We must realise that no matter the extent to which we want to fragment the country into many states, there would always be a majority and one or more minorities. The way to manage this is not to turn to sentiments of petty jealousy. Instead, we must realize that we would live with neighbours we cannot get rid of, we would have disagreements and common interests with them, we must therefore always seek compromise instead of striving for an advantage over neighbours. It is amazing how riled up people can get when you tell them that their kinsmen are not in government positions, the same people that only enrich themselves and their families when they get into office. Nigerians should emphasise private initiatives and meritocracy more than government patronage and quota system if we are to see any improvement in our living conditions. Unemployment and poverty is not going to improve by ensuring our kinsmen get local companies and government institutions to employ more members of certain ethnic groups. All should be allowed to compete for available jobs on merit if the institutions concerned are to be better managed – favouritism has destroyed many institutions in Nigeria and is sure to destroy more if left to continue.
There was little debate on laws to make discrimination in our institutions illegal. The current constitution through Federal Character has engendered discrimination. It is the reason why the Vice Chancellor of a University must be an indigene. It is also the reason why our universities are in the doldrums. If a student studying in University of Lagos shows promise but is not from the South West zone, they would be less inclined to join the academia there as there no prospect for career advancement. This is the same in all the other regions of Nigeria. This is why the government funded universities have lost relevance in Nigeria to private and foreign universities. High-performing universities all over the world make effort to fight against discrimination in order to recruit professionals from all over the world. While talk of salary increase for lecturers is popular and the source of frequent strikes, the talk of discrimination in the Ivory Towers is a third rail even among the academia. So as Nigerians continue to boast of Nigeria academics and professional making progress in universities in Europe, America, South Africa, etc we complain that the new dean in our local universities is not an indigene, and we complain that our best professionals are contributing to the foreign economies and institutions where they are instead of the ones at home. We also moan about our politicians sending their wards to foreign institutions. We must realize that we are a part of the problem instead of insisting on legislation that bars public officials from sending their children abroad for schooling.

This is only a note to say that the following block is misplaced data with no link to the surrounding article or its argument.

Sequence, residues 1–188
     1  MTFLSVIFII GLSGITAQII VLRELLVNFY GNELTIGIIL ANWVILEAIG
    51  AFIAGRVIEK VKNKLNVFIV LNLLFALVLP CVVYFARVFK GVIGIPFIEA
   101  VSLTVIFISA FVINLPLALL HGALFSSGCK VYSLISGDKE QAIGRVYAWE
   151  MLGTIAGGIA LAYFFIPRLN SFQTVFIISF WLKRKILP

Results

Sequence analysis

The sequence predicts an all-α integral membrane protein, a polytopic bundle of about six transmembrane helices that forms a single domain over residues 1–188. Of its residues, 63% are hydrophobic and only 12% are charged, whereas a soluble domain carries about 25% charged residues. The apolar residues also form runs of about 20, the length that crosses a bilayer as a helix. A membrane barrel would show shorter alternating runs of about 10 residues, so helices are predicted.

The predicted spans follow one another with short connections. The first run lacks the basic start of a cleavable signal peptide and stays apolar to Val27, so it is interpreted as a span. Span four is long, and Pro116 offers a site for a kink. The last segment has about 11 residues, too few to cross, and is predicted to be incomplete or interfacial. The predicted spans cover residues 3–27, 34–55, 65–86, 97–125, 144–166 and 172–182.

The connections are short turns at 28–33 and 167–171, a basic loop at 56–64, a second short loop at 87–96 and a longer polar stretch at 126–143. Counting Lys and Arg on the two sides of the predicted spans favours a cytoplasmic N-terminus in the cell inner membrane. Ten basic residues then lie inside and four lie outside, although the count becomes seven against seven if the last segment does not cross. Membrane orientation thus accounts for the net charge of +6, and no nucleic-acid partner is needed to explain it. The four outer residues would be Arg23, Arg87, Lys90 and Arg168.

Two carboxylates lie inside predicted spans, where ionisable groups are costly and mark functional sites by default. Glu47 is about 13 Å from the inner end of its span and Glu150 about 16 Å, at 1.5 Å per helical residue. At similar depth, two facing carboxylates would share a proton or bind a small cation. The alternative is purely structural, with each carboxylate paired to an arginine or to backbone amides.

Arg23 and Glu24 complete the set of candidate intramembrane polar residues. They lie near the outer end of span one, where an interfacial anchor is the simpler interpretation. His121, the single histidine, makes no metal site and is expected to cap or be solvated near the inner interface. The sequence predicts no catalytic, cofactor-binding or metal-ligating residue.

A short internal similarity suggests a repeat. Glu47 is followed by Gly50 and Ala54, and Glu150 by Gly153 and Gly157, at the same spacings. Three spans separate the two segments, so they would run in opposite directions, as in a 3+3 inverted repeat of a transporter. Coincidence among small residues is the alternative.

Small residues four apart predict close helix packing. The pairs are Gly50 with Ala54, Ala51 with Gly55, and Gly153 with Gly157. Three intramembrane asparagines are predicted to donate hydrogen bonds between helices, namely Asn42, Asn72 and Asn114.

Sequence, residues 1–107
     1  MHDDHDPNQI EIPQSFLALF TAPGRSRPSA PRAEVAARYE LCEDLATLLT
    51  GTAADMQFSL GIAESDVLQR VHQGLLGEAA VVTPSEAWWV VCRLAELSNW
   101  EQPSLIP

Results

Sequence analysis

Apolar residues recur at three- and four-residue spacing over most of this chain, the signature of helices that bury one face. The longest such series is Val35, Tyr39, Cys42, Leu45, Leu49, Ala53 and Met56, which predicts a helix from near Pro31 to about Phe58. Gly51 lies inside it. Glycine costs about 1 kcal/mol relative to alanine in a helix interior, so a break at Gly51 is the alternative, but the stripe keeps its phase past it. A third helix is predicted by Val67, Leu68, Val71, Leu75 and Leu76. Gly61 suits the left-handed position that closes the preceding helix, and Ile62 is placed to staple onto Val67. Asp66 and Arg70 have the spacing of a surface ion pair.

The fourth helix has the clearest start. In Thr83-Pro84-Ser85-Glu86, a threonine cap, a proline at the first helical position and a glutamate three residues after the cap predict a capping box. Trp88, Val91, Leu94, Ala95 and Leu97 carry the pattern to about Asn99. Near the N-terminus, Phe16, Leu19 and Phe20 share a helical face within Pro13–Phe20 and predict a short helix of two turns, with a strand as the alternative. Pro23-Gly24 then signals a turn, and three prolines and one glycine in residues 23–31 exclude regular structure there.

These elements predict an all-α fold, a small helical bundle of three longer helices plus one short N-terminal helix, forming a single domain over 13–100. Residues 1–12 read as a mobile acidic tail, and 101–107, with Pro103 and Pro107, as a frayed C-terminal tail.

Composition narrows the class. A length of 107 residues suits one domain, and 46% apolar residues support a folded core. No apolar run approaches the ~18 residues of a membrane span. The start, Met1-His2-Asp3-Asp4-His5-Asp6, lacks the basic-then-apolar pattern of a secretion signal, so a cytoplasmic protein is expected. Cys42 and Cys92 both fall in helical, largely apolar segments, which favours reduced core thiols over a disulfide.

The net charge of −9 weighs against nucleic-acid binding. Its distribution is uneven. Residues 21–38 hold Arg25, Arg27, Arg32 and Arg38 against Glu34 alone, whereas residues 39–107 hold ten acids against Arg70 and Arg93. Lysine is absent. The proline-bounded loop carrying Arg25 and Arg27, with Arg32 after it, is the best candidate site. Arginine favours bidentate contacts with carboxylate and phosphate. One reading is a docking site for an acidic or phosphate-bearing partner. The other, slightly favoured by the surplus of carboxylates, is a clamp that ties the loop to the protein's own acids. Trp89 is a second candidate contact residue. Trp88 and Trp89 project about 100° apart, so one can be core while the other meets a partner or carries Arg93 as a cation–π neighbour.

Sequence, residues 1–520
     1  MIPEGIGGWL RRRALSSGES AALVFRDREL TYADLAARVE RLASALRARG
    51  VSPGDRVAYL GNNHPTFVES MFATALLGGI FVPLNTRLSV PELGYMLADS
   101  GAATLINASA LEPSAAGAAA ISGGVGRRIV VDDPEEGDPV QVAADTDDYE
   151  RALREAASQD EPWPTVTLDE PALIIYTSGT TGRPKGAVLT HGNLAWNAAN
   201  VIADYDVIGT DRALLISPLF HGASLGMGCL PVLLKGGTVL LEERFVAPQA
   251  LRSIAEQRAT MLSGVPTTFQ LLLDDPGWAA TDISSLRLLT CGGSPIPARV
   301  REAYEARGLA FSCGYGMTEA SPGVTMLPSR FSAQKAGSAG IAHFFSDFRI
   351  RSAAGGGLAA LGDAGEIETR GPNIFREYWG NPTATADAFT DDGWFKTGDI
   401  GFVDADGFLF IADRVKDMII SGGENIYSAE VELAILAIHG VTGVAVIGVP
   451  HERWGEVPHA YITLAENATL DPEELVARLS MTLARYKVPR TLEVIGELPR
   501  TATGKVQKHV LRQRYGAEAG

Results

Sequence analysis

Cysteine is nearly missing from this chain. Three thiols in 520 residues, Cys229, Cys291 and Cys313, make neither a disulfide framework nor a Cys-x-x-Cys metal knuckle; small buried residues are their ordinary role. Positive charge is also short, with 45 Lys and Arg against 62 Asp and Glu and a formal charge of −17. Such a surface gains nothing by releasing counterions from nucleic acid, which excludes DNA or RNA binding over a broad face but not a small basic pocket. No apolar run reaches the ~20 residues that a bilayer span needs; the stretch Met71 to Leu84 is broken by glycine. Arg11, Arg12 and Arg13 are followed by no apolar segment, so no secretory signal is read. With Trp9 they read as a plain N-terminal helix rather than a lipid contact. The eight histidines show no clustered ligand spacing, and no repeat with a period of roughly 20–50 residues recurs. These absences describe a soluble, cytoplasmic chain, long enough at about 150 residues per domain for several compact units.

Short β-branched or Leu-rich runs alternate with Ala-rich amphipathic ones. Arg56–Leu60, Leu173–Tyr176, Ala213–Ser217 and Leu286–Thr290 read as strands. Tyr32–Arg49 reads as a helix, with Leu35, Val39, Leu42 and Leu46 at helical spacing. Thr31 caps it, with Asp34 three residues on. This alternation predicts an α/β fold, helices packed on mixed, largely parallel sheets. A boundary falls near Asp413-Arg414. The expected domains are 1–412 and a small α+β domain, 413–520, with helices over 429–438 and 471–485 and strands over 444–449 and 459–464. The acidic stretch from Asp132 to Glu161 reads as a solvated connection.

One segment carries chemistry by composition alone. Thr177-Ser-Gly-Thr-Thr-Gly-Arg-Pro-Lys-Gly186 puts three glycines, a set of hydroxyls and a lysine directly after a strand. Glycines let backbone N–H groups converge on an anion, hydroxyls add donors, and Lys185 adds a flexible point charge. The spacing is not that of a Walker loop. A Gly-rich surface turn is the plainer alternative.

The statement by the Senate president during one of the conferences that they would ensure that the constitution ensures uniform development is a desirable expectation. It is also utopian and unrealistic. Nothing the government does will ensure uniform development, except maybe they seek to hamper development elsewhere to allow others to catch up. The rapidity of development is going to be highly dependent on local conditions and cultural values. Why, for instance, is North America more developed than South America despite the advantage South America has in availability of resources or Lagos more developed and richer than Rivers state despite the clear advantage the latter has?
Lagos, being a cosmopolitan city and having been boosted by Federal money while it was the state capital, is more welcoming of a diverse array of peoples from other parts of Nigeria and Africa than Rivers state is. This is why this countenance should be rewarded and encouraged in the rest of Nigeria. Nigeria should seek to protect the lives, properties, rights and personal liberties of all her citizens in Nigeria wherever they choose to reside in order to spread development instead of seeking to encourage ethnic xenophobia. Only then would an Angas seek to entice Ogoni into attending the local schools, making investments in and providing jobs for the people of the community. Only then would development spill out of Lagos state to other parts of Nigeria and lighten pressure on infrastructure in Lagos. A constitution that does not fear economic viability of the regions would bring us closer together than one that seeks to chase us into our various tents.
The views expressed in this article are the author’s own and do not necessarily reflect the editorial policy of SaharaReporters